There is no comprehensive data protection and privacy regulation in India. The present laws and policies are primarily sectoral. As of today, the necessary provisions of the Information Technology Act, 2000 and its regulations regulate the collecting, processing, & use of private information & sensitive private data or information by a corporate entity in India, in addition to other sectoral legislation.
In the case of M. P. Sharma & Ors. v Satish Chandra, District Magistrate, Delhi, & Ors., where the warrant granted for search and seizure was challenged under Sections 94 and 96(1) of the Criminal Code of Procedure (CrPC), the Supreme Court (SC) 1st considered whether the "right to privacy" is a fundamental right. The Supreme Court (SC) concluded that the right to search and seize did not violate any constitutional provisions. In addition, the Court failed to acknowledge the right to privacy as a fundamental right protected by India's Constitution.
Following that, in the case of Gobind v State of M.P., the police's right to housekeeping was deemed incompatible with the right to privacy guaranteed by Article 21 of the Indian Constitution. The Supreme Court decided that police legislation violated the idea of private liberty, and it also perceived the right to privacy as a basic and fundamental right protected by the Indian Constitution, but it supported the growth of the right to privacy on a case-by-case basis and denied it as an absolute right.
As a result, the fundamental right to privacy may give birth to two interconnected safeguards:
  1. Against the world at large, and to be respected by everyone, including the State: the right to determine what personal information is disclosed into the public domain.
  2. Against the State: as a logical corollary of democratic principles, limited governance, and state power limitations.
As a result of this decision, the right to privacy has become more than merely common law, and it is now more solid and sacred than any legislative right. As a result, such invasion of privacy must now be justified in the framework of Article 21 of the Constitution by legislation requiring a fair, just, and reasonable method.

Current Concerns

The Supreme Court established a three-part requirement for the state to interfere with basic rights. While the State may intervene to protect the State's lawful interests:
  1. There must be a law in place to justify a violation of privacy and sensitive information, which is an express requirement of Article 21 of the Indian Constitution;
  2. The nature & content of the law imposing the limitation must fall within the reasonableness area prescribed by Article 14; and
  3. The means used by the legislatures.
As a result, any rules targeted at violating an individual's right to privacy must meet the proportionality and reasonableness standard. It will take some time for the law to definitively define what constitutes reasonable and appropriate state intrusion. In contrast to the current consent-based paradigm, it is frequently argued that India should embrace rights-based information privacy frameworks. Once the user's consent has been obtained, the information controller is free to handle, use, and share the information with any third party under the consent-based model. However, most people are aware of the true consequences of indiscreet data sharing at the time of acceptance. The rights-based paradigm, on the other hand, allows consumers to have greater control over their information while requiring the information controller to ensure that users' rights are not violated. As a consequence, clients have more control over their personal information.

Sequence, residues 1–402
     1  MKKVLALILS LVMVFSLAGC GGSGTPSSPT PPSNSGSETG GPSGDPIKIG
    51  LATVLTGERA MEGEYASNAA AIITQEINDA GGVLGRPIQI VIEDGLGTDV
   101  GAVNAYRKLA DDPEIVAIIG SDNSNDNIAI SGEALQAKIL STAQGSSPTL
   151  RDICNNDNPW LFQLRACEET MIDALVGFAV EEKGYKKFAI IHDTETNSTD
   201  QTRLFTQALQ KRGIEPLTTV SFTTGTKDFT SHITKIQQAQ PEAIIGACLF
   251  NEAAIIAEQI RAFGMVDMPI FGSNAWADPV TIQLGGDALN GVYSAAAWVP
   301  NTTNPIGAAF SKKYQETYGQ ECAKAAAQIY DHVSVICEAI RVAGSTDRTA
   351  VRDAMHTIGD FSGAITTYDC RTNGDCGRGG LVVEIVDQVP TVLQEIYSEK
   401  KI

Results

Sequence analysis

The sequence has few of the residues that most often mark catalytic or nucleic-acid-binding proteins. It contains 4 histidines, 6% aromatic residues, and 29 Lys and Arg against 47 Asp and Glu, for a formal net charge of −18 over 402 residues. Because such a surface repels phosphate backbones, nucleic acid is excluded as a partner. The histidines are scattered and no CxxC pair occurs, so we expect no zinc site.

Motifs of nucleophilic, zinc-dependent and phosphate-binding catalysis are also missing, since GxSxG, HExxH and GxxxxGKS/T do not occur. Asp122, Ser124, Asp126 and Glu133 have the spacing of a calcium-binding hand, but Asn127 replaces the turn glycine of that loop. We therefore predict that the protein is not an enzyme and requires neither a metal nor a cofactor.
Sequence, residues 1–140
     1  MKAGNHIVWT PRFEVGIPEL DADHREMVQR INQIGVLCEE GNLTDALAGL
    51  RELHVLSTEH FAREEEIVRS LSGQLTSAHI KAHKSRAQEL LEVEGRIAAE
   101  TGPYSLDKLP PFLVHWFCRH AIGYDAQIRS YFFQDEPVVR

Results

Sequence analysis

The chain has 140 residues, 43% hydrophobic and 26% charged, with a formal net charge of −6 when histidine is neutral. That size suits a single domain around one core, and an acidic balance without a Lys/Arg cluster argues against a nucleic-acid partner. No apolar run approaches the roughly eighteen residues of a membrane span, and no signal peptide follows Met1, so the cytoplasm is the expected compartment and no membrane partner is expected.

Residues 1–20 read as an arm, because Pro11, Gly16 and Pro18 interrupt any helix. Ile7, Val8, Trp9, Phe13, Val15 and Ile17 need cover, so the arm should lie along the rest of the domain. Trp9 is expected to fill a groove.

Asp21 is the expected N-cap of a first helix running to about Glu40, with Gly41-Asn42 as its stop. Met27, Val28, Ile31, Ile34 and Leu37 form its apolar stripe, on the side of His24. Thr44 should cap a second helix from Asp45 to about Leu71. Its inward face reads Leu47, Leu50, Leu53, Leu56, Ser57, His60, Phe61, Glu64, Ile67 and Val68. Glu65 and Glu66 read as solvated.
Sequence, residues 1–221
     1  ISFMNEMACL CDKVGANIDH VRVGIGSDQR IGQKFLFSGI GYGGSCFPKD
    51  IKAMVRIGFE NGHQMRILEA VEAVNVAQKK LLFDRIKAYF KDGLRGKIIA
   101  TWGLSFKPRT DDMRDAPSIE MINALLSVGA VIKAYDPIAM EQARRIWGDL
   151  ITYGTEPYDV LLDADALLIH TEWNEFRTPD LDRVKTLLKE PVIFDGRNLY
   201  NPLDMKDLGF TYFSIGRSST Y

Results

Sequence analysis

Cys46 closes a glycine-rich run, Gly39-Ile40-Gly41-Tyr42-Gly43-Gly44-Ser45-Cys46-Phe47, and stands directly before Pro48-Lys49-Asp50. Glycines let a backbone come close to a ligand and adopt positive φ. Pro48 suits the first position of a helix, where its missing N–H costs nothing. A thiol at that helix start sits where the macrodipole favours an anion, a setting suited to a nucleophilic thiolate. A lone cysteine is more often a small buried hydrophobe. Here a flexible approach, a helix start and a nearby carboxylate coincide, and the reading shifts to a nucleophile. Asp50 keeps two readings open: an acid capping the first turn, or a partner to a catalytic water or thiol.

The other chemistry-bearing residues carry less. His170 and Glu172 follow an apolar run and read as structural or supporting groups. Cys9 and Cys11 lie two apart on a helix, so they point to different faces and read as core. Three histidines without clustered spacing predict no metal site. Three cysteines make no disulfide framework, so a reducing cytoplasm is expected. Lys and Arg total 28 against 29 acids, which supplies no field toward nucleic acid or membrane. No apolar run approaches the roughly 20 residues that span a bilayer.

The Supreme Court's determination in the previous judgments allows Indians to seek legal redress if their data privacy rights are violated. This might influence India's internet enterprises' privacy and security practices. Consumers can not only file torture claims, but they can also assert their fundamental right to privacy.

Concerns and difficulties

The nature of data is protected by Indian laws.

Because India lacks a comprehensive data protection structure, the main legislation dealing with data protection is the IT Act & the Information Technology (Reasonable Security Practices & Procedures & Sensitive Personal Information) Rules, 2011. Under the Information Technology Act and the IT Rules, personal data and sensitive personal data or information, such as password-related information, financial information such as bank account or credit card or debit card or other payment tool details, physical, physiological, & mental health conditions, sexual orientation, medical records, and history, are primarily intended to be protected.
Material and information that is freely available in the public domain, on the other hand, is not considered sensitive personal data or information. Furthermore, the limits only apply to a business organization collecting and disseminating data.

Who has the power to get personal information?

According to Rule 5 of the IT Rules, no corporate entity or individual acting on its behalf shall gather sensitive or private information and data unless:
  1. The data is acquired for a justifiable reason about the corporate body's function or process, or
  2. The information is obtained for a justifiable reason related to the corporate body's function or activity.
  3. Obtaining such knowledge for that purpose is deemed appropriate.
Furthermore, the person providing the information must be told that the information is being collected, the purpose of the collection, the intended receivers of the information, the name and address of the agency collecting the information, & the agency holding the information.